I have to display a form with 12 months and for each month a number input and a toggle button. This form is in a pop-up so I don't have a lot of place. I did two columns with six month per columns. This a screenshot of the columns. form

Do you think this positioning is intuitive for the user ? Should I display the month in another order (January, February, March, etc. in the first column, and July, August, September, etc. in the second) ?

  • 7
    I'd be expecting it to be Jan, Feb, Mar in the first column
    – icc97
    Oct 8 '13 at 14:41

Compare reading patterns. They are based on Gestalt principle of proximity. It's better to slightly re-organize months, i.e. your second choice. enter image description here

  • 2
    Ok I get it. thank for this answer and for Gestalt principe ;)
    – Alex
    Oct 8 '13 at 15:01
  • Plus one for bringing up the Gestalt principle :) If a lot of people knew it off the bat, it would make design decisions far easier.
    – Majo0od
    Oct 9 '13 at 15:20

You're not saying what the use case is for this. Can you elaborate? Why would one need to specify values for all 12 months at the same time, and why would some need to be "estimated" and some "requested" instead?

If you don't need all at the same time, have you thought about just making it one entry with a popup for the month name? Or if you need more than one but not usually all 12 months, building a list like

The Finder search panel

? I.e. have only one (or a few, whatever a typical number of months that people will request at a time) field, and "+" and "-" buttons to add/remove fields ? The month name would then be a popup, allowing selection of all months that aren't yet present in the list.

Alternately, you could display it as a table, with the months listed horizontally, and below each name the edit field and switch button. (Also, how large will those numbers be? You can make the fields narrower, they only need to be large enough to hold the widest number).

Depending on what an estimate and a request is for, you could also remove that from the table and put it below the actual month list, allowing a user to select ranges of months using popups, like

Estimate: [October v] through [December v]
Request:  [January v] through [September v]

Or even automatically assign these values (e.g. if estimates are needed only for months that haven't happened yet) and just display:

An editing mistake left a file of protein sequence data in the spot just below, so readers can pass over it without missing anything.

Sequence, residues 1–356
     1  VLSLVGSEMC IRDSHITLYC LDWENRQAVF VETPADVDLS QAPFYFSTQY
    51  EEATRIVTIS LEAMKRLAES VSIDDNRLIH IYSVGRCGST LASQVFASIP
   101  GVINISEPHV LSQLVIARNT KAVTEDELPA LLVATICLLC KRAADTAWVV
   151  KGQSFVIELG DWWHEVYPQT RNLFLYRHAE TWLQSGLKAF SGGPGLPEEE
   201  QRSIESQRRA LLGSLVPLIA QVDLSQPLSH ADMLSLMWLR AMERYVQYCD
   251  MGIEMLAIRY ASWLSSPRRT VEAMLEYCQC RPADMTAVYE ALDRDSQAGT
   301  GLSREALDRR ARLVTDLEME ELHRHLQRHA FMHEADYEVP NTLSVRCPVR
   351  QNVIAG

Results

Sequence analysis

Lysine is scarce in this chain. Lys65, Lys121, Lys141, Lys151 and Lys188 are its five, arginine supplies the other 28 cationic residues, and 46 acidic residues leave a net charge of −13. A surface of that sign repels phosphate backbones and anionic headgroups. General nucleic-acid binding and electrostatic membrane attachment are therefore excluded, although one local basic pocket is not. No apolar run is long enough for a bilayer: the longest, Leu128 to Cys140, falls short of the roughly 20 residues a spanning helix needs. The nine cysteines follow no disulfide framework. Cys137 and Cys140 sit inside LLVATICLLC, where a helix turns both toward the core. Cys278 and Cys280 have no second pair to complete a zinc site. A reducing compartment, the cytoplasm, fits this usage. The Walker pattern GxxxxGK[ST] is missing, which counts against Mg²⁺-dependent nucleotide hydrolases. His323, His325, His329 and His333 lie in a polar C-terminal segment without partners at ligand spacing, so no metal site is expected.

Estimating October through December

Or just have one UI element per month for estimating those months that can't be requested for some reason. Though one needs to be careful with this, as you don't want users to be unsure what the opposite of "estimate" will turn out to be.

But really, I don't know what your target audience or even use case is, so it's hard to make any substantial suggestions.

  • Thanks for your answer. This is an internal application for my company. Managers have to fill (about each month) the forecast of resources for all the month until the end of the year. They also have to select if it's a definitive request or an estimation.
    – Alex
    Oct 9 '13 at 14:28
  • In that case, it may be worth splitting this into 2 forms: One for estimates, one for actual requests. That also makes it harder to accidentally lock yourself in by forgetting to make it an estimate. (At the least, using "estimate" as the default, not "Request" sounds like the safer choice) Also, might be possible to leave out fields in one form that have already been filled out in the other, then. I.e. all requests won't be on the estimate form anymore.
    – uliwitness
    Oct 21 '13 at 13:04

I found the gap between the 2 columns of months too large. After having read the 1st column my eyes didn't go to the second column... Why not something like that enter image description here

  • 1
    Sorry, but this version seems much more confusing that the one shown in the question itself. Why have you flipped around the fields for those on the right compared to those on the left? I don't understand why having the labels appear after the fields for some of the fields but before the fields for the others is a more usable approach that being consistent with all fields.
    – JonW
    Oct 9 '13 at 13:51
  • @JonW This design allows you to find the month and then work outwards. If (and only if) you're searching for a particular month first, then it could be an improvement on the original with the months ordered row-wise because it keeps the month-names together; but the best answer is to work in columns. Oct 9 '13 at 13:54
  • According to me the best answer is to work with only 1 column. I don't know why @Alex wants to use 2 columns. I guess he has specific layout constraints. Considering this constraint, all other solutions would have drawback(s).
    – RawBean
    Oct 9 '13 at 14:10
  • While more aesthetically pleasing, this is unreadable, and doesn't reflect actual work order. The user will want to have seen what month a field is for, before entering values for it. The eye tracking on this form would be all wrong and inefficient.
    – uliwitness
    Oct 21 '13 at 13:06

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